America fights to save its cornfields
They plan to poison the American heartland, those famous cornfields, with the herbicide 2,4-D, one half of the infamous defoliant, Agent Orange, used to decimate jungles during the Vietnam War.
Many EU countries and some Canadian provinces have prohibited the use of 2,4-D as it is a suspected carcinogen which has been shown to double the incidence of birth defects in the children of pesticide applicators in a study conducted by University of Minnesota pathologist Vincent Garry.
American farmers face a chicken and egg problem. Most weeds have grown resistant to the current herbicides, the most used being Roundup. So Dow Agrosciences has produced a new genetically modified strain of corn which can tolerate 2,4-D, allowing it to kill off the Roundup-resistant weeds yet leavethe corn unharmed. Predictably, farmers who switch to the new regime will have to double-dose their fields with a deadly cocktail of Monsanto’s Roundup plus 2,4-D.
Environmentalists and farmers who have watched the effects of deadly pesticides and herbicides are alarmed by the prospect of side effects. Researchers warn that though the threats are still not fully established, it may be a risk factor for conditions like Hodgkin’s lymphoma, non-Hodgkin’s lymphoma and certain leukemias, which were found in Vietnam veterans exposed to Agent Orange.
The Environmental Protection Agency (EPA) has stated that the chemical could have ‘endocrine disruption potential’ and interfere with the human hormonal system. It may prove toxic to honeybees, birds and fish, according to research conducted by the US Forest Service and others. In 2004, a coalition of groups spearheaded by the Natural Resources Defense Council and the Pesticide Action Network, wrote a letter to the EPA taking it to task for underestimating the health and environmental impacts of 2,4-D.
In India, there’s been a long uphill battle to fight pesticides and herbicides. Studies have shown that DDT has been found in mothers’ milk in pesticide-ridden Punjab. Environmentalists are fighting Monsanto’s BT cotton and other genetically modified produce all over India.
People in the majority world don’t often see that US activists fight the same battles as we do. Twenty years ago, I was a spectator to an awesome dispute. Ralph Nader’s Congresswatch was trying to get US Congress members to stop GATT (the General Agreement on Tariffs and Trade) taking away hard-won environmental gains regarding pesticides in the US. In the Geneva round of talks, US activists found that foreign multinational corporation lobbyists had easier access to their politicians. It was an uphill task.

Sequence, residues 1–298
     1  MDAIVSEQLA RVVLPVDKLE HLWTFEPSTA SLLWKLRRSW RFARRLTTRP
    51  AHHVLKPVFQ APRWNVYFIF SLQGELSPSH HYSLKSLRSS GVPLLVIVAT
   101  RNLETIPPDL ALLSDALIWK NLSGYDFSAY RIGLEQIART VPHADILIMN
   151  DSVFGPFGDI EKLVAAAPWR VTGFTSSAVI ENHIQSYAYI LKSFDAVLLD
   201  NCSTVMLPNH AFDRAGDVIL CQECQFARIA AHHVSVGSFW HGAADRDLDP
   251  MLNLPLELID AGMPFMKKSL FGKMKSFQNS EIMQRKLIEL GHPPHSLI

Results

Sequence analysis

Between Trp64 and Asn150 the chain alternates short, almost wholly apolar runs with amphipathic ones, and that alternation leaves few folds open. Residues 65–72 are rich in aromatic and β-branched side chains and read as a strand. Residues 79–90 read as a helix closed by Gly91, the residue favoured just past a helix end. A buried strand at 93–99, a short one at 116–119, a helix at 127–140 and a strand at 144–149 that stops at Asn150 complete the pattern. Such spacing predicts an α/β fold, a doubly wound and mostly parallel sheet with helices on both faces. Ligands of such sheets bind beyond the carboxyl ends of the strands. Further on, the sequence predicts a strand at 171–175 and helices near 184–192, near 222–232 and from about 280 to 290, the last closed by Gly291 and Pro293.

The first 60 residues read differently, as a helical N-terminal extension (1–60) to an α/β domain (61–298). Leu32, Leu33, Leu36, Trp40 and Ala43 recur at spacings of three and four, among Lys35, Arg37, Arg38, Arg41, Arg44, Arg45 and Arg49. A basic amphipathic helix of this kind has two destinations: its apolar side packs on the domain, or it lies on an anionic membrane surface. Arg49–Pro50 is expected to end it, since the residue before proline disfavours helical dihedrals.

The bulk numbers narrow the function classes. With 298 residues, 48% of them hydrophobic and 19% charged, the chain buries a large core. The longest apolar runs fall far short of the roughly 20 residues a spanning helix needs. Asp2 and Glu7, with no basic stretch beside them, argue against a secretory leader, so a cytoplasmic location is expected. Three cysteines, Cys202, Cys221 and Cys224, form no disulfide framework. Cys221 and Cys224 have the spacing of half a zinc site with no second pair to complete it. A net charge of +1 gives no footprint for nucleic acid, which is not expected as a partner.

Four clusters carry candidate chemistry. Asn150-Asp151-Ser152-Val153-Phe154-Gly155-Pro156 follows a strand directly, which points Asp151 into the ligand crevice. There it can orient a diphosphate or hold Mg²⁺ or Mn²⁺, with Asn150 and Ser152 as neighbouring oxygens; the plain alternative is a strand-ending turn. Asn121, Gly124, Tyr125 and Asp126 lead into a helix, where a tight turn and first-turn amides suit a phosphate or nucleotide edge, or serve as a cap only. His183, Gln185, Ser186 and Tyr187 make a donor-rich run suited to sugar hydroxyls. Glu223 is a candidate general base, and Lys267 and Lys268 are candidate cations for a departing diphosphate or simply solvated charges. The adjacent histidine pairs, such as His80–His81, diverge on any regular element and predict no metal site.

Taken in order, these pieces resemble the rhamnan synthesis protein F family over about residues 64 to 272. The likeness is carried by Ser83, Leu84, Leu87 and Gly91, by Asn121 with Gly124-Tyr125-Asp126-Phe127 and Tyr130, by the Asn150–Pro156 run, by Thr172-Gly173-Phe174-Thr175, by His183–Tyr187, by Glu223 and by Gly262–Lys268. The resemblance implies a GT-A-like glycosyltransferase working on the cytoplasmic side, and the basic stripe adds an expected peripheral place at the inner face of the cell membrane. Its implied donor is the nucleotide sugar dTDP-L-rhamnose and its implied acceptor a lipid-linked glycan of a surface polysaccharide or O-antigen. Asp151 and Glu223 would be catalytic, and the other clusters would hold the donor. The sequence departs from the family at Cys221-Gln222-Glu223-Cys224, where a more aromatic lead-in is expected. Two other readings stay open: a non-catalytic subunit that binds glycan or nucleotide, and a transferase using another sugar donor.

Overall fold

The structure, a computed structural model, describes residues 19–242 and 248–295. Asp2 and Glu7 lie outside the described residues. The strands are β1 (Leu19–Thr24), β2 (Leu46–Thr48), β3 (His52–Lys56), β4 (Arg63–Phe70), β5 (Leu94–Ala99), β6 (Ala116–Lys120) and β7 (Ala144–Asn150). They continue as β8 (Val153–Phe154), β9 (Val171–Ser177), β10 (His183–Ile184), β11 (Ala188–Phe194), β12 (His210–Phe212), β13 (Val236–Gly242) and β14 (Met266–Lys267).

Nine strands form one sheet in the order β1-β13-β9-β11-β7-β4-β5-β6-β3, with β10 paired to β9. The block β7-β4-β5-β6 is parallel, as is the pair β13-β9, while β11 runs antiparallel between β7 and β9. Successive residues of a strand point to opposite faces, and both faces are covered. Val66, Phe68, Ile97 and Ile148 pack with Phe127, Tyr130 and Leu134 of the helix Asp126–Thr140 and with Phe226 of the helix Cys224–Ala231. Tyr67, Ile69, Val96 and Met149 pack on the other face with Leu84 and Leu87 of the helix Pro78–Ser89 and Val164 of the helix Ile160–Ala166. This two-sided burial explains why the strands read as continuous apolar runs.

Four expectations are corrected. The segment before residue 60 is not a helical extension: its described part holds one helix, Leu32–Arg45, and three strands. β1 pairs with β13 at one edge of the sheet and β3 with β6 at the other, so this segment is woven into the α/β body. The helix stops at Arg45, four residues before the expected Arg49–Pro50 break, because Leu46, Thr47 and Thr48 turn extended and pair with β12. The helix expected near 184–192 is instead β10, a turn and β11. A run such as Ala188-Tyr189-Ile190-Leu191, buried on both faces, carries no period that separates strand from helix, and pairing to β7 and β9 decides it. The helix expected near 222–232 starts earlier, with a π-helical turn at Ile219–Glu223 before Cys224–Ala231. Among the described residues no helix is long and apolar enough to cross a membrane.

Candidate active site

Currently millions of honey bees have been poisoned by pesticides in the US. Millions more have been brought in from Australia. Though environmentalist groups try to create awareness about the danger to the earth, to the food chain and to humans, they are often dismissed as simply being alarmist.
Farmers are beginning to protest. They watch helplessly as earthworms and vital micro-organisms are killed off by pesticides and herbicides, decreasing the soil fertility. The groundwater is polluted, poisoning farm animals fed with the chemical-infused grain.
American corn is a staple which could affect the entire food chain from corn-fed beef to breakfast cereals, to high-fructose corn syrup, a key element in many processed foods.
Our great grandparents in the US, India and all over the world used integrated farming methods that were organic and healthy. Many farmers are coming back to this realization. But it needs serious intervention at policy level to stop multinational corporations poisoning our food chain.
America’s agriculture department, the USDA, is considering deregulating Monsanto’s new genetically modified corn variety (the one which will be used in conjunction with 2,4-D) and is accepting final public comments on the matter until 27 February. US environmentalists will welcome letters of protest to help save their country. We all need to show our solidarity to prevent our earth being polluted.
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